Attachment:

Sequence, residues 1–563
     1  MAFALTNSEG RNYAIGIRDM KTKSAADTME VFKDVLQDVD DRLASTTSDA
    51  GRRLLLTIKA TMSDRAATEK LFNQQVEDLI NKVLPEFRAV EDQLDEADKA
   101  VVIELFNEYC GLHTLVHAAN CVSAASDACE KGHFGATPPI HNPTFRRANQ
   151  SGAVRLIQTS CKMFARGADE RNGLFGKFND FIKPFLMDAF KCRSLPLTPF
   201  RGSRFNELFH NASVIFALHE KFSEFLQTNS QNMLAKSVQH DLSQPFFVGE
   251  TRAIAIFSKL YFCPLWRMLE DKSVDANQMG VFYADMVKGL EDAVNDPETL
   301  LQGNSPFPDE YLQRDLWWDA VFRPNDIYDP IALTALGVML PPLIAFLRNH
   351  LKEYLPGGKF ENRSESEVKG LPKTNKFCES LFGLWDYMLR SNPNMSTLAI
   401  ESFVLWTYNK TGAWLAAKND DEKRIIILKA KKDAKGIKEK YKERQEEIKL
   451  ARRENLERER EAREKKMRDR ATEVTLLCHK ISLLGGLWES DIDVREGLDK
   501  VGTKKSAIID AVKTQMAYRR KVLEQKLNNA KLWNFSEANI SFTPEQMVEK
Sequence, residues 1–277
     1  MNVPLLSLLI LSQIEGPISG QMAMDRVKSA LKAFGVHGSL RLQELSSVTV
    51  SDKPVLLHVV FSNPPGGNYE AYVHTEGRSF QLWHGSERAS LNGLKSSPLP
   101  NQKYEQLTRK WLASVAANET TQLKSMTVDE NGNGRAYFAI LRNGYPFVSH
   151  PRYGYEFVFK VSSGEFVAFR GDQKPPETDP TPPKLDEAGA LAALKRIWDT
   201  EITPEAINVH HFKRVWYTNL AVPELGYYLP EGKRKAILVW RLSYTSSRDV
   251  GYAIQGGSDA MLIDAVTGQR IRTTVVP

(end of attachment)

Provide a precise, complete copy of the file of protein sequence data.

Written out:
Sequence, residues 1–563
     1  MAFALTNSEG RNYAIGIRDM KTKSAADTME VFKDVLQDVD DRLASTTSDA
    51  GRRLLLTIKA TMSDRAATEK LFNQQVEDLI NKVLPEFRAV EDQLDEADKA
   101  VVIELFNEYC GLHTLVHAAN CVSAASDACE KGHFGATPPI HNPTFRRANQ
   151  SGAVRLIQTS CKMFARGADE RNGLFGKFND FIKPFLMDAF KCRSLPLTPF
   201  RGSRFNELFH NASVIFALHE KFSEFLQTNS QNMLAKSVQH DLSQPFFVGE
   251  TRAIAIFSKL YFCPLWRMLE DKSVDANQMG VFYADMVKGL EDAVNDPETL
   301  LQGNSPFPDE YLQRDLWWDA VFRPNDIYDP IALTALGVML PPLIAFLRNH
   351  LKEYLPGGKF ENRSESEVKG LPKTNKFCES LFGLWDYMLR SNPNMSTLAI
   401  ESFVLWTYNK TGAWLAAKND DEKRIIILKA KKDAKGIKEK YKERQEEIKL
   451  ARRENLERER EAREKKMRDR ATEVTLLCHK ISLLGGLWES DIDVREGLDK
   501  VGTKKSAIID AVKTQMAYRR KVLEQKLNNA KLWNFSEANI SFTPEQMVEK
Sequence, residues 1–277
     1  MNVPLLSLLI LSQIEGPISG QMAMDRVKSA LKAFGVHGSL RLQELSSVTV
    51  SDKPVLLHVV FSNPPGGNYE AYVHTEGRSF QLWHGSERAS LNGLKSSPLP
   101  NQKYEQLTRK WLASVAANET TQLKSMTVDE NGNGRAYFAI LRNGYPFVSH
   151  PRYGYEFVFK VSSGEFVAFR GDQKPPETDP TPPKLDEAGA LAALKRIWDT
   201  EITPEAINVH HFKRVWYTNL AVPELGYYLP EGKRKAILVW RLSYTSSRDV
   251  GYAIQGGSDA MLIDAVTGQR IRTTVVP